Mercedes trackside engineering director Andrew Shovlin has conceded the team is suffering a double deficit to F1 rivals Red Bull and Ferrari and has "quite a lot to find".
Mercedes may be sitting second in the constructors' standings after the opening two races of the season but this elevated position is only due to Red Bull's late double DNF in Bahrain.
In reality, Mercedes has the third-fastest car although finds itself in no man's land between the top two and the chasing pack, highlighted in Saudi Arabia on Sunday when George Russell finished fifth albeit 32 seconds behind winner Max Verstappen.
Russell revealed post-race that Mercedes is currently a second-per-lap slower in a grand prix, while the average deficit in qualifying over the first two races is almost eight-tenths of a second.
“We're under no illusions what that performance gap is, and in Jeddah, it was ultimately a bit bigger than in Bahrain," revealed Shovlin.
"We've got quite a lot to find both in qualifying and on the long run if we want to challenge the Ferrari and the Red Bull cars.
"However, behind us, it looks like we have a bit of a margin to that midfield."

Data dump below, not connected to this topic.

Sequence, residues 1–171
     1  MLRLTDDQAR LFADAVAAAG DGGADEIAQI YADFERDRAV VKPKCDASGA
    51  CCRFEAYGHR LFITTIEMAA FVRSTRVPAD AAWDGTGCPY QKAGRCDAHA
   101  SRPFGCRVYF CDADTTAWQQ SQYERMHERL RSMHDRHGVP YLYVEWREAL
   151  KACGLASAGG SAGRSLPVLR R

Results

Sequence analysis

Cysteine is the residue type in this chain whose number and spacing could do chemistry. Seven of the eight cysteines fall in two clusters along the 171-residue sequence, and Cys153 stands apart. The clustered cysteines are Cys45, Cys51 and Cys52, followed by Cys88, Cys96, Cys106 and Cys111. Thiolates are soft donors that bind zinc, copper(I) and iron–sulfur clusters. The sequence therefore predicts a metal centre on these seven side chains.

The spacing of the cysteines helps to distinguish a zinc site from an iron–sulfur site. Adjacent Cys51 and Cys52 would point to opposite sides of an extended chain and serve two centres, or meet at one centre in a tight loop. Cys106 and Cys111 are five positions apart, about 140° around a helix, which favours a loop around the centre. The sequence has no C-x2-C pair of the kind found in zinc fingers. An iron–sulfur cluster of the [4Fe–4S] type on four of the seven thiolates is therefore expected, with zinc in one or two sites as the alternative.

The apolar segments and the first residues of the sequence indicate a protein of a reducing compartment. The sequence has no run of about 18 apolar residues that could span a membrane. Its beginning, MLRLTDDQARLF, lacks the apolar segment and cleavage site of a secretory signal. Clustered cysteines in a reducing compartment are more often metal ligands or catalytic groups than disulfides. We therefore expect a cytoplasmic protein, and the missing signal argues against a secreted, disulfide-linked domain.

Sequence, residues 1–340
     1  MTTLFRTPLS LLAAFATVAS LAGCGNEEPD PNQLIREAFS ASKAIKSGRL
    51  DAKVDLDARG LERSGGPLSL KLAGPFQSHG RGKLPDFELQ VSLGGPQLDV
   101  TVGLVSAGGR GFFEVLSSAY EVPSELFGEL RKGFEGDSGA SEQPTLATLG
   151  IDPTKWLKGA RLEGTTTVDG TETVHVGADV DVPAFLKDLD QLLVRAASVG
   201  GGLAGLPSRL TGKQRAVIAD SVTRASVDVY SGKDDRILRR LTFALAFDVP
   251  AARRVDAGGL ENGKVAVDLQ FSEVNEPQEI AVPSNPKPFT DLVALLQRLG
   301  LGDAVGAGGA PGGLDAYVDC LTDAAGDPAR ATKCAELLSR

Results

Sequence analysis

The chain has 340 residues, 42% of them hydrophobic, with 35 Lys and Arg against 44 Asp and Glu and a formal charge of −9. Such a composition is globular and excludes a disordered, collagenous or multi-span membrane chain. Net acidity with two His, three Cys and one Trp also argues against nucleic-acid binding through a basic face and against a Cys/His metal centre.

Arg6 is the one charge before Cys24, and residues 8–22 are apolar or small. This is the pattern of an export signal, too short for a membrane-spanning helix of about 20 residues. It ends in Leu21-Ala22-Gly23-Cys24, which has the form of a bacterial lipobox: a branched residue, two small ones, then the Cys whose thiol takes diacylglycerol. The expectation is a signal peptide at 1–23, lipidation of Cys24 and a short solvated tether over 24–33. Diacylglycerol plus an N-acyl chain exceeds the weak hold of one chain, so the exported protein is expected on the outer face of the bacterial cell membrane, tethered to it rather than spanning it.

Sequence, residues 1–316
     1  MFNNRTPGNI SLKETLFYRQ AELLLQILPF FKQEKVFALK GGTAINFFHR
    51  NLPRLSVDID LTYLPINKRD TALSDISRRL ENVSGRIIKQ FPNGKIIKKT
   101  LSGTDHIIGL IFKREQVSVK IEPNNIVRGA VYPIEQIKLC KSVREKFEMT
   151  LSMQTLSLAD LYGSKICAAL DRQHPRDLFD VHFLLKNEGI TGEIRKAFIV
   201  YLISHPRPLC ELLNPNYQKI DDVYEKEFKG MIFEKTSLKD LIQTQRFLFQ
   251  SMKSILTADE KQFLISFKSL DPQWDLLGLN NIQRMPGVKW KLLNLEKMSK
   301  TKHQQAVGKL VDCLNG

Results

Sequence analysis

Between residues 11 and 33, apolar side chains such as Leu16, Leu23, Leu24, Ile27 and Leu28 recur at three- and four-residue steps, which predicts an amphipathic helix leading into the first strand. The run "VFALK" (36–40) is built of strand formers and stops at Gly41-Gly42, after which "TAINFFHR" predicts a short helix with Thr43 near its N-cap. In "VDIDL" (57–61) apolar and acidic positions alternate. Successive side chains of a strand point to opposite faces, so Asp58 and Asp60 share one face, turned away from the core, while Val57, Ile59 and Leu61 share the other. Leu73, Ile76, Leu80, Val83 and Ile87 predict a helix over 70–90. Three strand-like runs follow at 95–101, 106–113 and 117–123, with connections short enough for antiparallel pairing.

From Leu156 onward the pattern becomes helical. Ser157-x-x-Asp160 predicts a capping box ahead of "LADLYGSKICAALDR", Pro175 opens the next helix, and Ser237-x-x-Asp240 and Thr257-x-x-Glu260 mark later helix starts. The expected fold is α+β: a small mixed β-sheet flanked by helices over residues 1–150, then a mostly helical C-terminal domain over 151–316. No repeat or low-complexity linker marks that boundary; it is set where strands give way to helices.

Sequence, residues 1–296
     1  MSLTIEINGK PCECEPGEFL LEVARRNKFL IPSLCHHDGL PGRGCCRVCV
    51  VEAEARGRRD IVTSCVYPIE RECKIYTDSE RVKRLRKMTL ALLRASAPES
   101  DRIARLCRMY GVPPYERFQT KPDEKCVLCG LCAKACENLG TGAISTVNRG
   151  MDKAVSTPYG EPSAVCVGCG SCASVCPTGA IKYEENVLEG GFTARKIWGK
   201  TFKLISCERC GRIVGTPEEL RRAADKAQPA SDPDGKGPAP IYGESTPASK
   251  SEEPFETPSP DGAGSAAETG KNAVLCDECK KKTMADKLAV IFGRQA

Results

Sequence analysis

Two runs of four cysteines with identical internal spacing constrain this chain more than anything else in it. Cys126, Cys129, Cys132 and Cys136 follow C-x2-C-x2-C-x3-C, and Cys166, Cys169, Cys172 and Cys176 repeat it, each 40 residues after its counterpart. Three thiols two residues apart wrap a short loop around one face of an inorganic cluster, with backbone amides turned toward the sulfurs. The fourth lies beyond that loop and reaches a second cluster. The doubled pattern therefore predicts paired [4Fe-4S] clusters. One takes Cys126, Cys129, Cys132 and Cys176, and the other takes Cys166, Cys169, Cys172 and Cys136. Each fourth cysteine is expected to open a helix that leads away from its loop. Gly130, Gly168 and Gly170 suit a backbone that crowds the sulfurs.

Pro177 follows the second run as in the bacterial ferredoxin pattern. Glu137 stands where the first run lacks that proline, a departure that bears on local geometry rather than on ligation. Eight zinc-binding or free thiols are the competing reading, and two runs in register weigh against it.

Mercedes "breathing space" a chance to experiment
Mercedes has conceded it pushed too far with Lewis Hamilton's set-up changes ahead of qualifying in Jeddah, leading to the seven-time champion exiting qualifying in Q1 for the first time since 2009 on pure pace alone.
Given the position it occupies in the pecking order, however, Shovlin explained: "We need to do a good job to be ahead of them [Red Bull and Ferrari].
"But we have a bit of margin and that buys us a bit of breathing space to allow us to experiment on the weekends, to try and bring solutions to lift the level of performance of the car.
"So, ultimately though, this is a problem that is going to be fixed back at the factories both in Brackley and Brixworth.
"Everyone is working very hard to try and understand the issue and bring solutions and we are going to be doing that in a phased way over the next few races.
"At the track, we are going to be doing as much as we can to minimise damage, to score as many points as possible.
"So, really there are two elements to this: maximising the performance in a given weekend but then the bigger part of this is trying to get back to a level where we can compete for pole positions and for race wins.”